"Author Wilson makes good use of Irish history, myth, and legend here to provide a different take on the typical fantasy-adventure plot about a teenager who discovers that he's more special than he realized.."– Kirkus Reviews
In Wilson’s (The Young King, 2017, etc.) YA novel, a young teenager vacationing in Ireland discovers that he has a special destiny to fight evil.
British 13-year-old Peter Wanderer dreads having to spend two whole weeks of his vacation on an isolated Irish island, keeping his elderly aunt company after her recent widowhood. Although he’s prepared for a dull fortnight, dramatic events soon occur: Peter finds himself playing the fiddle better than ever before; three islanders go missing under mysterious circumstances; and there are local reports of pooka or perhaps dullaghans—evil, animal-shaped demons. Even stranger, two old men introduce themselves to Peter and his new acquaintance, a teenage local girl named Siobhan Kelly, as leprechauns and give the pair startling news: they’re both changelings from the “faery” world, and their special skills are desperately needed. Recent construction drilling has awakened Catharnach, an evil giant with many horrible followers, who’s only a representative of the much more fearsome Miasma of Evil. Both teenagers struggle to accept demanding realities—magical beings, changelings, time travel, reincarnation—and the tasks that await them: Peter must find and play a magic harp, and Siobhan must tap into her past life as a great Irish faery warrior in order to face Catharnach. They’ll have help in this endeavor, including from 16th-century pirate Grace O’Malley, but the bigger battle is only beginning. Author Wilson makes good use of Irish history, myth, and legend here to provide a different take on the typical fantasy-adventure plot about a teenager who discovers that he’s more special than he realized. (Siobhan, too, but this is mainly Peter’s story.) The Irish mythology–flavored heroes and villains are a nice change from the usual elves, orcs, dwarves, and such. The book offers engaging episodes of fighting and adventure interspersed with graceful exposition. Although Peter’s and Siobhan’s near-instant access to enormous talents sans long hours of practice offers pleasurable wish-fulfillment, it’s less satisfying than having them learn skills on their own. However, it helps to balance the scales, giving the two a chance to show their considerable courage. Future adventures follow in two published sequels.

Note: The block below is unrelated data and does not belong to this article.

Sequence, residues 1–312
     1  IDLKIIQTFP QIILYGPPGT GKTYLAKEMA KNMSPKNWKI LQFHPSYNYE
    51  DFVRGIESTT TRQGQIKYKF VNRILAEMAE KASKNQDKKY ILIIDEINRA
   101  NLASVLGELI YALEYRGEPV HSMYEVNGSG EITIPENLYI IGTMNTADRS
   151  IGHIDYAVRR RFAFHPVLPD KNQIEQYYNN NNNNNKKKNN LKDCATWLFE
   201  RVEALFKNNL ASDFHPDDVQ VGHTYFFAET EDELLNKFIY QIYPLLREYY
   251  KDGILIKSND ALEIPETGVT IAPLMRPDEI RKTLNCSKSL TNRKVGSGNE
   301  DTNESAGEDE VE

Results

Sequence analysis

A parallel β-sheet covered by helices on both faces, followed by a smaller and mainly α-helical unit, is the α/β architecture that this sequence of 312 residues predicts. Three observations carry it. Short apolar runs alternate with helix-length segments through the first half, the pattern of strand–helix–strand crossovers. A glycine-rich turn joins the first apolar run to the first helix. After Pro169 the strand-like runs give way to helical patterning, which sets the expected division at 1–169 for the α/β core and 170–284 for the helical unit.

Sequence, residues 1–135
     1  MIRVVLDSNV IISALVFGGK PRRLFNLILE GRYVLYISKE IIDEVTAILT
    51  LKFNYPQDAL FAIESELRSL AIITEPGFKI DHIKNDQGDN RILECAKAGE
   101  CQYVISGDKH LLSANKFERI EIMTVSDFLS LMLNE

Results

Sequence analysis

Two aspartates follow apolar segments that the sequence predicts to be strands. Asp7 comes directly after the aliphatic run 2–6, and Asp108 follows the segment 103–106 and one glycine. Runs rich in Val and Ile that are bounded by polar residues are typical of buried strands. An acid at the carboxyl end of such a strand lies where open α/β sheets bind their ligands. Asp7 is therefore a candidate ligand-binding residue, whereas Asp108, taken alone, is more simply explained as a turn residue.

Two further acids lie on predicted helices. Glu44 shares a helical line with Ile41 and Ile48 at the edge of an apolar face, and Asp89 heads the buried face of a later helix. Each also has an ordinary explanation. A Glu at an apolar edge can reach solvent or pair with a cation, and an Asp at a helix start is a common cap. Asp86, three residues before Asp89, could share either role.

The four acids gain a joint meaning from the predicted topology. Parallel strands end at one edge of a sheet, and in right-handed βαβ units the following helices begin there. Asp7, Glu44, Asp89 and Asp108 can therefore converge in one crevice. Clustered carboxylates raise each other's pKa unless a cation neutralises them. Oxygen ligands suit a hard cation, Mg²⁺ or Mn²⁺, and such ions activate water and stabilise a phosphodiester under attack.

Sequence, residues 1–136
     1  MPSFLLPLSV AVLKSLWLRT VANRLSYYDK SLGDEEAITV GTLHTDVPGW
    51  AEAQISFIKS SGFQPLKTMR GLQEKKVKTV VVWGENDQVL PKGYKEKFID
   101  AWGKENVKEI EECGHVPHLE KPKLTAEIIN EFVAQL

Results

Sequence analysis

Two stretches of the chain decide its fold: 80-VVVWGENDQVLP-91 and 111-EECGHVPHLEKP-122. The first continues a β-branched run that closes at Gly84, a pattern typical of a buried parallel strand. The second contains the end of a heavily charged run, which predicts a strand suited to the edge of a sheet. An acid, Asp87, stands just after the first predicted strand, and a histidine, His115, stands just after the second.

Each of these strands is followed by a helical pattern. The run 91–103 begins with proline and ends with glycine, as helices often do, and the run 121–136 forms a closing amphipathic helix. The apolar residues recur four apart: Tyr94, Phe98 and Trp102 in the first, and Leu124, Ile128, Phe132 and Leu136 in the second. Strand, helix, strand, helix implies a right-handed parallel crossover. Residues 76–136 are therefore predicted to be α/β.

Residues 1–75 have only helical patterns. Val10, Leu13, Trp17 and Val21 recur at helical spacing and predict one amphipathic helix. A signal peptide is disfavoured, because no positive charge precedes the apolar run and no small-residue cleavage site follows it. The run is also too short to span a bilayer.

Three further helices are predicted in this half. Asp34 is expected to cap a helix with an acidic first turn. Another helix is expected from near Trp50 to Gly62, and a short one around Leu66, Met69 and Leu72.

A well-paced series opener with plenty of action.
A young survivor of a pirate attack discovers a mysterious island in this YA fantasy adventure.
New Zealander Sam Warburton, age 12, is enjoying a luxury yacht vacation in Indonesia with his parents, his best friend, and his father’s business partner, Frank Trent, when pirates attack. They kill almost everyone aboard and sink the yacht—but not before rescuing Trent and his black briefcase. What’s that about? Sam doesn’t have time to think; hiding aboard an inflatable life raft, he manages to escape. Over several stressful days, Sam attempts to stay alive, gaining assistance from animal helpers. He finds an island and starts building a hut, but the fierce local fauna set him wandering. So far, Wilson’s (The Young King, 2017, etc.) book has much in common with other vibrant tales of resilient, clever young people surviving on their own, like Jean Craighead George’s My Side of the Mountain or Scott O’Dell’s Island of the Blue Dolphins, and provides similar pleasures. When Sam encounters islanders, though, the novel takes an unfortunate turn to another kind of story: white explorer meets ignorant nonwhite natives and astounds them with his superior knowledge. They are all amazed at Sam’s snorkel, first aid, rugby tackles, freestyle swimming strokes, and outriggers for their canoes, considering the boy a “wonder man,” making some young men jealous and leading to painful images like “grins and shiny white teeth were the order of the day.” Sam, meanwhile, has nothing to learn from people who are experts in their environment. With this awkward bwana fantasy now in full swing, the book turns again. Suddenly, anything goes: green-robed, English-speaking priests from a large, elaborate compound “based on the great gardens of Babylon and Egypt” appear and demand some villagers for sacrifice, including Lastri, a girl Sam likes. But if Sam wins a ritual race and retrieves a treasure, he can save the intended victims. Thanks—and only thanks—to frequent magical assists from the treasure, Sam prevails. Will he now try to return to civilization and search for Trent?
Starts effectively as a gripping survival story, but the explorer fantasy and deus ex machina approach hamper the tale.